There’s something sinister happening in Stoker Hills, the new horror film from director Benjamin Louis (State’s Evidence) that’s one part found footage frights and equal part noir detective procedural.
Stoker Hills begins with several film students who are making their thesis project. Horror fans will recognize Professor Smith as acting legend Tony Todd. As the burgeoning film crew is at work at night on the street, Erica (Steffani Brass) is taken by a hooded figure. The remaining students, Ryan (David Gridley) and Jake (Vince Hill-Bedford), try to survive the ensuring chaos as the hooded figure torments them too. Their experience is captured by their video equipment and investigated by Detectives Adams (Eric Etebari) and Stafford (William Lee Scott).
John begins in a place where a lot of creative minds start. “I loved movies my whole life, but I didn’t think it was possible …” Growing up in Grand Rapids, Michigan, John lived in a mindset “where you grow up and get a job, and you don’t pursue the arts.”
“I was interested in photography as a hobby. I’d do it on the side for fun,” John shares that the passion for cinematography was alive inside. However, everything changed when he “worked as a PA. That’s when I saw what the cinematographer was doing and thought, ‘that’s what I want to do.’
Despite the upbringing nudging him toward something more practical, John’s PA experience provided a realization. “I had to do this because I didn’t want to get old and think ‘what if.'”
About Stoker Hills
John doesn’t recall how he came into Ben’s radar. But remembers, “We talked about influences.” Up until that point, John says, “I’d been doing a lot of commercial work which doesn’t lend itself to making the kind of stuff I want to make. So, when they called about making a dark, moody horror movie, I said’ absolutely.'”
“We talked about the two things going on,” he says about pre-production. “There are the detectives, and we’d shoot in a more traditional cinematic style. Then there’s the kid’s point of view that uses their equipment as found footage.”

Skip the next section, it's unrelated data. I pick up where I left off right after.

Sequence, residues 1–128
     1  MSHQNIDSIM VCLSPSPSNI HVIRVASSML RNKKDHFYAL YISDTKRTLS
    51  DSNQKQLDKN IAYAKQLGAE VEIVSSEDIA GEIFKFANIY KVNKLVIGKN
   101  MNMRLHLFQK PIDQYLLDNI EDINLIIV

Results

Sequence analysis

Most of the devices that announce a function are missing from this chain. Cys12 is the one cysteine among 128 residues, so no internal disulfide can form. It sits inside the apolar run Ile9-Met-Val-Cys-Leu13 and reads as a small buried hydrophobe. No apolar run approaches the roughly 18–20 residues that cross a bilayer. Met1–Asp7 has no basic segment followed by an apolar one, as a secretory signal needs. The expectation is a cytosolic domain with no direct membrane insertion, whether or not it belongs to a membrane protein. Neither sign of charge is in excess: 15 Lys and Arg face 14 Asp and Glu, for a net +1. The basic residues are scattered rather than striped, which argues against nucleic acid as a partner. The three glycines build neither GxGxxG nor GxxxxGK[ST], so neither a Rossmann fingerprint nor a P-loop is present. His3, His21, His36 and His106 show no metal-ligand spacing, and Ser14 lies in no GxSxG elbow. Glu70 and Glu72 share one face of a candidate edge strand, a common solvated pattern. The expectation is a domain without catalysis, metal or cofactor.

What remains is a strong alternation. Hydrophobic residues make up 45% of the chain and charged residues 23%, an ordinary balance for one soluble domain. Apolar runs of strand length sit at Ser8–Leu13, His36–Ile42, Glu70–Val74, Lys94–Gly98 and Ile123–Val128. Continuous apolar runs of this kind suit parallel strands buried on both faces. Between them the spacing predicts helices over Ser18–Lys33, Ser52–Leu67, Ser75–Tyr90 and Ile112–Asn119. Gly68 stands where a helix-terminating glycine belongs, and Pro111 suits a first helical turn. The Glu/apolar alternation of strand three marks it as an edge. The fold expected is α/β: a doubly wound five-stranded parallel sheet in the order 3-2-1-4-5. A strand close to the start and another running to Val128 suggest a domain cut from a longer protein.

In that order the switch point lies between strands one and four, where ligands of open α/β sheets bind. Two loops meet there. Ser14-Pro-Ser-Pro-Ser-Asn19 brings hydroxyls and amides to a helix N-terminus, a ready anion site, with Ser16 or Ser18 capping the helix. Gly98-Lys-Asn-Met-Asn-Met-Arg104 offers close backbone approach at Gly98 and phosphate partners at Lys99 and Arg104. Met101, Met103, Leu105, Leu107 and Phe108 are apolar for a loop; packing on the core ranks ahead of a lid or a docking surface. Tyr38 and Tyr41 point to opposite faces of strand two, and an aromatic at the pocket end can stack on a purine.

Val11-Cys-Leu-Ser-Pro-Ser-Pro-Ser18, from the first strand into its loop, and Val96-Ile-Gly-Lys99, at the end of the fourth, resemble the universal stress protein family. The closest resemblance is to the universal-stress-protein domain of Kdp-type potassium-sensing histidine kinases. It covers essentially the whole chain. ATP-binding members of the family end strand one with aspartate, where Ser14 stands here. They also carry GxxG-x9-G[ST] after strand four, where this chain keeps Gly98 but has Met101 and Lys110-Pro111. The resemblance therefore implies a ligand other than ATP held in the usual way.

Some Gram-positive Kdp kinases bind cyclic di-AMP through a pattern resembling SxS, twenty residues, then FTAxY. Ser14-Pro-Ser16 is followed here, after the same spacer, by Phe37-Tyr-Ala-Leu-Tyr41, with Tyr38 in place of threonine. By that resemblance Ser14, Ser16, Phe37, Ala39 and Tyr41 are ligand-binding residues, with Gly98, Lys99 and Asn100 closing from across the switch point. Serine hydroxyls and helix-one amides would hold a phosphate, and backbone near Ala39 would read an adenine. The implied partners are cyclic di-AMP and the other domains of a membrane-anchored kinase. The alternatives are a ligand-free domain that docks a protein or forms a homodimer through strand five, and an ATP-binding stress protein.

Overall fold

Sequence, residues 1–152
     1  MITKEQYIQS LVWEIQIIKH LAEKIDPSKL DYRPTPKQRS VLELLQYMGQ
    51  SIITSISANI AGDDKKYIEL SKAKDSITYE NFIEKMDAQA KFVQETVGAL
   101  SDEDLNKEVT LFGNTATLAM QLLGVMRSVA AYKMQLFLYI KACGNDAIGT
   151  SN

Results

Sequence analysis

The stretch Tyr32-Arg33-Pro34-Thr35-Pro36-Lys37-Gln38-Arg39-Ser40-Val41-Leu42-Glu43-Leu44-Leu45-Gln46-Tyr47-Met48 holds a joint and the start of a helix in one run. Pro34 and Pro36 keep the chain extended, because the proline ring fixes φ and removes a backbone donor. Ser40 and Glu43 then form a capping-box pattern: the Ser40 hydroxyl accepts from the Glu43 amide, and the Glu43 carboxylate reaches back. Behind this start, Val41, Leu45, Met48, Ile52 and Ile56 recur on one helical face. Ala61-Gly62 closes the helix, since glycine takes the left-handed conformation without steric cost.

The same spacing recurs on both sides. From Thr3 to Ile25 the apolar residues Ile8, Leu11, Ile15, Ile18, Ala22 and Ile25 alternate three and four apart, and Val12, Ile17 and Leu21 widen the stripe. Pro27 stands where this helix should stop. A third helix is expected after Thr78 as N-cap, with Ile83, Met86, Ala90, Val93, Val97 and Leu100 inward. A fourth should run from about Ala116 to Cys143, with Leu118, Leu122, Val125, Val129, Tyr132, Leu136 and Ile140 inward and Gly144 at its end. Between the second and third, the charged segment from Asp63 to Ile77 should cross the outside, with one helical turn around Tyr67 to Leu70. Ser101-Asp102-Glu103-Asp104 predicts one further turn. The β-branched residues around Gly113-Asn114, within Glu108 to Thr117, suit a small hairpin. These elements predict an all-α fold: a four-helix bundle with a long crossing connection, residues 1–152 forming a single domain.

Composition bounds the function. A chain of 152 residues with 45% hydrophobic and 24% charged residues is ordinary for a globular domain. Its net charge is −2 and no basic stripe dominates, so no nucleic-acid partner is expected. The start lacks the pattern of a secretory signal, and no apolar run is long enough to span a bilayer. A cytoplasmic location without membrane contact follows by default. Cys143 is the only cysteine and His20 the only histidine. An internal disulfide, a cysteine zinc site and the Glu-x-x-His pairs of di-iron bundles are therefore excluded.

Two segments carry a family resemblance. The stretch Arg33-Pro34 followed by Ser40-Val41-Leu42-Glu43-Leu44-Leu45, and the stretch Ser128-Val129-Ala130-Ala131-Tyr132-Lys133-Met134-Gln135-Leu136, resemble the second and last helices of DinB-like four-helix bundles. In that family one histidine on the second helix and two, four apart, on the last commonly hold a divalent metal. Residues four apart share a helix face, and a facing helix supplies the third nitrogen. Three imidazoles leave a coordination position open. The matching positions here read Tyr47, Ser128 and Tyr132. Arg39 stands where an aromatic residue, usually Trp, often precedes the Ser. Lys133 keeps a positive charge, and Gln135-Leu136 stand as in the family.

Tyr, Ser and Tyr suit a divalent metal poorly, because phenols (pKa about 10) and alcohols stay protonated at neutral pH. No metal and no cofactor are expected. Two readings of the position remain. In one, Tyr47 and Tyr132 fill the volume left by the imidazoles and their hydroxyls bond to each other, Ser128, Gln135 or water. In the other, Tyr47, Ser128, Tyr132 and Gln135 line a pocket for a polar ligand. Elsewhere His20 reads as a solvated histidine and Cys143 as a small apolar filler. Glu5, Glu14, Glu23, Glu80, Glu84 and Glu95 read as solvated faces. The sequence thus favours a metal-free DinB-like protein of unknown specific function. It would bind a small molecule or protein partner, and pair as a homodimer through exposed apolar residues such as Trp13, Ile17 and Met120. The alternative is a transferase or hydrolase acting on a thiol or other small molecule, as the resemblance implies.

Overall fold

The two perspectives mean the film draws from different influences. “From the detective’s point of view, we were probably leaning real hard on the Fincher’s Seven.” But for the found footage stuff, he says, “Ben loved the look of a movie called Honey, so that’s the color and saturation look we went for with the kids’ footage.”
Though the film has two distinct looks, John explains, “We shot it all on the RED Weapon 6k. It’s a big camera with big lenses.” To achieve the different looks, “we messed around with it more in post to make it look dirtier.” However, a handful of moments when another camera is at work, “There’s some running footage where we’d grab a DSLR.”
Balancing the look of the film required careful planning. “We did a bunch of test shots in advance. Then, we got in a studio for a day and tried different lighting schemes that we knew would happen. From there, we decided which one works best and based the colors on that.” Planning requires good execution from the team. “Our colorist Dan Edwards at Changing Frames did an amazing job.”
“The first pass of the movie was probably twice as dark and scary as it is now,” he says of a cut that was considered too intense. However, the film didn’t shed too much of its darkness. In one scene, “There’s a surplus of bodies in a room. So we used actual people; covered them in blood and mixed them in with prop body parts.”
Those near-naked actors spent a lot of time on concrete floors in a cold room. For John, “It was arresting to walk into that room to shoot because it looks so real to the eye. That was my favorite stuff to shoot.”
“Coming up, I was into Roger Deakins (Blade Runner 2049), which I’m sure a lot of people say the same or Emanuel Lubeszki (Saving Private Ryan),” he answers about influences. “Another guy I think is a master is Robert Richardson (A Few Good Men, Once Upon A Time In Hollywood). I’ve learned a lot from studying his work. My favorites of the newer guys are Bradford Young (Arrival) and Greg Fraser (Dune).”
John’s a big fan of horror and “dark thriller kind of stuff. The things we did with the detectives [in Stoker Hills) if I could make a career out of doing that, I would be happy.”
“I think it’s what naturally comes out of me,” he says about this ‘dark side.’ “It’s strange. I’m a happy person, I love to laugh, most of my friends are standup comedians. But artistically, what comes out of me is this darkness. It’s the kind of visual art that excites me. That’s the kind of world I love.”
Stoker Hills is available on Amazon and other on-demand services. So what’s next for John? “I just finished another horror movie filmed in Montana called For the Night. After that, I’ll be doing another dark thriller called Reap/Sow in my hometown.”
Is Stoker Hill on your watch list?
Thanks to John Orphan and Projection PR
for making this interview possible.
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